BOSTON -- The fight to block the release of serial child sex predator Wayne W. Chapman went to the Supreme Judicial Court Tuesday, where a victim's lawyer said claims the 71-year-old Chapman was no longer sexually dangerous were "laughable," while his own lawyer said his psychiatrists' assessment should be trusted.
Chapman has admitted to sexually abusing some 100 boys in the United States and Canada, starting when he was 7, SJC court records state. He was convicted in 1977. But under a 2009 decision, if two qualified examiners -- as set forth by the Legislature -- find the subject no longer "sexually dangerous," they can be released. Two examiners ruled Chapman no longer dangerous, but his release was stayed as he faced new charges of lewd behavior behind bars.
Attorney Wendy Murphy, who represents one of Chapman's abuse victims and three other persons she said have been impacted by his crimes, proposed Tuesday expanding the statute to hold an offender cleared for discharge an additional 14 days while a judge reviews and assesses the reliability of the examiners' conclusions.
"The idea that anyone would characterize Wayne Chapman as no longer sexually dangerous is laughable," Murphy said after the hearing. "No one wants to violate the rights of civilly committed sex offenders, but I think everyone wants there to be more accountability. This case is Exhibit A in the big pile of proof that the system is currently not working as it should from the perspective of public safety.
Though never charged, Chapman has long been a suspect in the unsolved Aug. 21, 1976, disappearance of 10-year-old Andy Puglisi from a public swimming pool in Lawrence.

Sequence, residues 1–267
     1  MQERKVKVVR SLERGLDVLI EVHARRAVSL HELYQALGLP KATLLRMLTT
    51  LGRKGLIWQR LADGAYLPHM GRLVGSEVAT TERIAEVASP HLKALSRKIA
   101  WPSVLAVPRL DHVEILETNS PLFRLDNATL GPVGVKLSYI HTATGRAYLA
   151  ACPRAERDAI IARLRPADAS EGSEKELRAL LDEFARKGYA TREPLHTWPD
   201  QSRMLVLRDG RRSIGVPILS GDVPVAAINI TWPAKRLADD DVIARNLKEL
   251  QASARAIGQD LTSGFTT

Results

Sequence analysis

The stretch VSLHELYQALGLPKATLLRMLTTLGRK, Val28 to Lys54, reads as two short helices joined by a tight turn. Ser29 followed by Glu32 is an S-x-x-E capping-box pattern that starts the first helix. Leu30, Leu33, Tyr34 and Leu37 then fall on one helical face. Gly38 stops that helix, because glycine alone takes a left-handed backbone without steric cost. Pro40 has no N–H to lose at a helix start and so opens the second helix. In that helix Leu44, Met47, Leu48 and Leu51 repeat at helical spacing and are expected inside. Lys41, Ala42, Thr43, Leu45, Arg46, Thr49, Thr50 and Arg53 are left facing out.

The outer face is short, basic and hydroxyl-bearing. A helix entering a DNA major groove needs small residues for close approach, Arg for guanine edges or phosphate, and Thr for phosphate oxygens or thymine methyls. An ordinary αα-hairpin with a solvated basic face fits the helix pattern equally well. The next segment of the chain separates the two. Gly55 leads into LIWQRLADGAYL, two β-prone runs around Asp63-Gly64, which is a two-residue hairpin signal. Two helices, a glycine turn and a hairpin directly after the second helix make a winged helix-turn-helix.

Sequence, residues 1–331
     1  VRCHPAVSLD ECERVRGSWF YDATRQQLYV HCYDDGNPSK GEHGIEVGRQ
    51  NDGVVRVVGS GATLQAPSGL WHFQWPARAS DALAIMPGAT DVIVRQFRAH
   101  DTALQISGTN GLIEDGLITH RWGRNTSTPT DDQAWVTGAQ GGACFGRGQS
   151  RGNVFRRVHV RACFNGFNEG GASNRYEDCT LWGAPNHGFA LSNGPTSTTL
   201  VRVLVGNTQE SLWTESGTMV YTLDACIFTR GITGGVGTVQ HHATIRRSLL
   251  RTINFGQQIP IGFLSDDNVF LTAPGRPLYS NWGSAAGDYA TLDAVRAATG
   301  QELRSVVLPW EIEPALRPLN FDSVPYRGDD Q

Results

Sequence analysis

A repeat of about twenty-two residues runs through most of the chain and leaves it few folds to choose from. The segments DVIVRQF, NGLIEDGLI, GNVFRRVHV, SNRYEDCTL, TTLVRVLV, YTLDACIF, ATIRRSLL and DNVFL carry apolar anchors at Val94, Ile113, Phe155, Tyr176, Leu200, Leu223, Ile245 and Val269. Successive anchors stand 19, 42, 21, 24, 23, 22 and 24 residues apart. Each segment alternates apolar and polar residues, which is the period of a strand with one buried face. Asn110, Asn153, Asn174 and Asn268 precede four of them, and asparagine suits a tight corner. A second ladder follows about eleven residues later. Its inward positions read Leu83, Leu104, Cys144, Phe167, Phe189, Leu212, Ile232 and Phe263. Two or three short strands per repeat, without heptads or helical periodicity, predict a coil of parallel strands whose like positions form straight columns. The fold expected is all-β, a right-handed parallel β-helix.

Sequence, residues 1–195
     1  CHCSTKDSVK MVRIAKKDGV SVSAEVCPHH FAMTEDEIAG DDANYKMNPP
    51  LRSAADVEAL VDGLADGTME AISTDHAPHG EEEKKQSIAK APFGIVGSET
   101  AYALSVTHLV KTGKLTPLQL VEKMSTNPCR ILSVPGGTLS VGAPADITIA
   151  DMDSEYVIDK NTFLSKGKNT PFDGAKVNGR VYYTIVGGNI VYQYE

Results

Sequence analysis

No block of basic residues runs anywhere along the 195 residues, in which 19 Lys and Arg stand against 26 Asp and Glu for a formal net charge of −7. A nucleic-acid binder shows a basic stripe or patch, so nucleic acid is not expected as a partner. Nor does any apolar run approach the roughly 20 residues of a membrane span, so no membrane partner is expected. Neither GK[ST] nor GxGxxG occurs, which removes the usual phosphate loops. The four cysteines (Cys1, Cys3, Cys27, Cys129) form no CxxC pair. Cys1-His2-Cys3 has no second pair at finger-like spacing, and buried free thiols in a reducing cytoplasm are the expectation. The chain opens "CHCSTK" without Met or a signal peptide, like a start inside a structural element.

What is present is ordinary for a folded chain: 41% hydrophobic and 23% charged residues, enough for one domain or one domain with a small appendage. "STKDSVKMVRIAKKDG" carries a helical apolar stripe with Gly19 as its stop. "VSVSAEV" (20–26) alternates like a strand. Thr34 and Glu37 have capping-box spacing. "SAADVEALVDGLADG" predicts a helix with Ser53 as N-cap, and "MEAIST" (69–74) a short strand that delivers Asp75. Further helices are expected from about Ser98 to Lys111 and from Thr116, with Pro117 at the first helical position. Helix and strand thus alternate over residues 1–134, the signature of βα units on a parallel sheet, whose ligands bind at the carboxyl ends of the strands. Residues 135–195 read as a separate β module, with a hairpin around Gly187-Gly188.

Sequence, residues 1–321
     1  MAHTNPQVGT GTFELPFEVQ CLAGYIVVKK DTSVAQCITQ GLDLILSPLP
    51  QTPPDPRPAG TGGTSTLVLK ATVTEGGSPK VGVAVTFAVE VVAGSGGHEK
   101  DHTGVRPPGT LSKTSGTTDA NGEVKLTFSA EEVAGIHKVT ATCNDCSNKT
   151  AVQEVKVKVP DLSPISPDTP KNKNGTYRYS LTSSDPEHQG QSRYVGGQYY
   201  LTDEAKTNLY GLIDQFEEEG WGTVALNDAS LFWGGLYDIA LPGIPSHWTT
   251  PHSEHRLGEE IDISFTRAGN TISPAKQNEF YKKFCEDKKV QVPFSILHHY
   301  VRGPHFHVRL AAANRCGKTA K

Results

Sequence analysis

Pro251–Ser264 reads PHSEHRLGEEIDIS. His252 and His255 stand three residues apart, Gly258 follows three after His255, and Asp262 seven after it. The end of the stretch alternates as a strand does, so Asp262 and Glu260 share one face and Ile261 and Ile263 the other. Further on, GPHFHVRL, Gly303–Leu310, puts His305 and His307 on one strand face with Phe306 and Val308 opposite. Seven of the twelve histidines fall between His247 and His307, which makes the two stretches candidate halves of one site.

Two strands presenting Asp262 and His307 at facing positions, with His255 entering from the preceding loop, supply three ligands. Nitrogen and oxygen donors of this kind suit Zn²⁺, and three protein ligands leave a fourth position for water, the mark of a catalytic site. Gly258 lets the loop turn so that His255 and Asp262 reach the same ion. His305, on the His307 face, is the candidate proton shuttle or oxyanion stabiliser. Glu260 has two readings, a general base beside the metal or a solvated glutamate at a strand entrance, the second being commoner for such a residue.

Documentary filmmaker Melanie Perkins McLaughlin was Puglisi's childhood friend.
"I've been studying Wayne Chapman for 20 years and I know the totality of Wayne Chapman's offenses," she said. "Wayne Chapman is a sadistic, serial sex offender who will offend if he's released."
Chapman's attorney, Eric Tennen, said he understands the skepticism over whether his client is trustworthy. He argued outside the courtroom that's precisely why independent physicians are best suited to make that call.
"That is why this is in place, to not allow emotion to control the situation, but logic and expertise. The Legislature drew that line at two qualified examiners ... Given his circumstances, he is not a danger to reoffend sexually. He is not capable of living independently. He can't harm anyone in the way the statute envisions," Tennen said of the wheelchair-bound Chapman.
In addition to his court-ordered discharge being stayed, Chapman is being held on $25,000 bail while he awaits a June trial on new charges of lewd sexual misconduct at the Souza-Baranowski Correctional Center in Shirley.
"He would like to be released," Tennen said. "He needs to go to a facility that can take care of his medical needs and probably would care for him better than the Department of Correction."